Coronavirus: The 14 major developments that happened on Tuesday

Here’s what you need to know on 28 April. This article was updated at 5pm.

Deaths: The total number of deaths related to coronavirus in UK hospitals has risen to 21,678 – an increase of 586. Read more here.

Some children have died from a new disease linked to coronavirus, the health secretary has said. Matt Hancock said on Tuesday he was "very worried" about reports of a new illness in children and experts are "looking into it with great urgency". Read more here.

Data has revealed that 35% more people died from coronavirus than the government reported in its daily figures in the week ending 17 April. The Office of National Statistics (ONS) said there were 22,351 total deaths in England and Wales in the week ending 17 April, almost double the five-year average. Care home deaths also tripled, the figures reveal. Read more here.

Policy: Nicola Sturgeon has announced new guidance that the Scottish public should wear face masks in enclosed spaces where social distancing is difficult to achieve, for example while shopping or using public transport. Read more here.

Rubbish dumps closed because of the coronavirus pandemic should be reopened in the coming weeks, the government has said. Councils will be asked to plan the organised reopening of household waste collection sites, communities minister Robert Jenrick said. Read more here.

Michael Gove has warned that people will not be able to visit seaside resorts “for some time to come” as the UK continues its coronavirus lockdown. Gove said lockdown restrictions would continue to be stringently enforced for seaside regions. Read more here.

Two nurses stand under an umbrella during the pouring rain outside Southend Hospital during the minute's silence for key workers who have died. (Getty Images)

Testing: The daily testing capacity is now at 73,000, the health secretary said. Matt Hancock said testing would be expanded to be available to all over-65s and their households, and all workers who would have to leave home to go to work. He made the announcement in the government’s daily briefing.

NHS: The nation fell silent for one minute to remember the key workers who have died during the coronavirus pandemic. Images show NHS workers remembering colleagues and Boris Johnson in his cabinet room. Read more here.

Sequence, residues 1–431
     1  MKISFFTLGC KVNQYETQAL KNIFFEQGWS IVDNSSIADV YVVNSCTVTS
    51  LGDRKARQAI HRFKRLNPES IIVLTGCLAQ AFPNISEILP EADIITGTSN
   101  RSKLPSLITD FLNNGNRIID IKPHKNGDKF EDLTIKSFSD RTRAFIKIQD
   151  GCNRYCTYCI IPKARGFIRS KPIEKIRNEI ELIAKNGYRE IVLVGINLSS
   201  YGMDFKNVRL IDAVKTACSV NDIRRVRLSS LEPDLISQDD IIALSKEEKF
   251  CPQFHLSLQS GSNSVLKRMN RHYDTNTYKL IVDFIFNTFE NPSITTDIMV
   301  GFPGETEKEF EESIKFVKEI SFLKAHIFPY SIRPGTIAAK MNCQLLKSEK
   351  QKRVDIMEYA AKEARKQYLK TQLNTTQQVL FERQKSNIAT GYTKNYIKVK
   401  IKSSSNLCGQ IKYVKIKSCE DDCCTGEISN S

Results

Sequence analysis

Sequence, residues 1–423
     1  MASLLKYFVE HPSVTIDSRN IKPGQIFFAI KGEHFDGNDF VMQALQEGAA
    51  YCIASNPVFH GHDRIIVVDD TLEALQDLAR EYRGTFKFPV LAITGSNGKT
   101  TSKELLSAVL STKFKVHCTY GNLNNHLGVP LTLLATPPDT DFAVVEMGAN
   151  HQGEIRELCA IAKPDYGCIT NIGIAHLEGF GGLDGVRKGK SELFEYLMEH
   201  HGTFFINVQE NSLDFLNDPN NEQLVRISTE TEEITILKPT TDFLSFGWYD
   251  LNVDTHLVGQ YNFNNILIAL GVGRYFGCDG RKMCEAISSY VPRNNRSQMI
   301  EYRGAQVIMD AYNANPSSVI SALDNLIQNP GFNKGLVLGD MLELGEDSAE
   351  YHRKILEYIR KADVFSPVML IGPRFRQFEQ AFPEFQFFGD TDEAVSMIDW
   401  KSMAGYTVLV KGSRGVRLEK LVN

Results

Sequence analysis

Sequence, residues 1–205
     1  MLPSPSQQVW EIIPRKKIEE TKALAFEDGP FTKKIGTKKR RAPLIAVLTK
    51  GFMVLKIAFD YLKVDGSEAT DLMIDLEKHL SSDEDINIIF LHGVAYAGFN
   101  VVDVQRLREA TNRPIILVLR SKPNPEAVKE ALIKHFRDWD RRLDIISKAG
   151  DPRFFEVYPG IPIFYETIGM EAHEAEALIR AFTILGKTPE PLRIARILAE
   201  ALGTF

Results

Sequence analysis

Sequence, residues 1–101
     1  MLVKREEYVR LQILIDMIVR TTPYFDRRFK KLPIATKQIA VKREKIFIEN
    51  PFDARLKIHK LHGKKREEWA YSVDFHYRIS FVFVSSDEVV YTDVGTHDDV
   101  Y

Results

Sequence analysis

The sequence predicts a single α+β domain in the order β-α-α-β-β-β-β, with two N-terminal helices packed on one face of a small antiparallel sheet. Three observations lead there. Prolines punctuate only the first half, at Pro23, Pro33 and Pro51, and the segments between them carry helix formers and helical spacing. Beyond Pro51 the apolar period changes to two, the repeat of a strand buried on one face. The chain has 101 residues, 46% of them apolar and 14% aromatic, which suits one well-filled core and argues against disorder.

Science: One of the world's leading human genetics experts has told Sky News that coronavirus was widespread in the UK at the very start of the pandemic and a lack of vigilance allowed the virus to take hold. Read more here.

Matt Hancock has said “the best information we have” suggests coronavirus arrived in the UK with holidaymakers returning from half-term breaks in Italy and Spain back in February. Read more here.

Rest of the world

New Zealanders queued for burgers, fries and coffee takeaway on Tuesday after they were freed from a month-long lockdown, which prime minister Jacinda Ardern has credited with eliminating domestic transmission of the coronavirus. Ardern has also revealed she had a phone call with the Queen to update her on the situation. Read more here.

The Tokyo 2020 Olympics could be cancelled all together if a COVID-19 vaccine is not found soon, Japan's chief medic has warned. In March, the International Olympics Committee announced the Games, due to be held this July, would be postponed for a year and would still be called Tokyo 2020. Read more here.

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Positive news

A teacher has turned a bus stop into a gallery for children’s artwork. Sarah Lamarr said she started the initiative the day after the UK’s coronavirus lockdown began when she realised she would be stuck inside indefinitely with only a bland bus stop to look at. Read more here.

Eight children have raised £6,700 for Roald Dahl’s Marvellous Children’s Charity, which provides specialist nurses for seriously ill children. One boy with a rare and undiagnosed condition, which means he cannot walk, pulled himself on a mini marathon of 26 laps around his house. Read more here.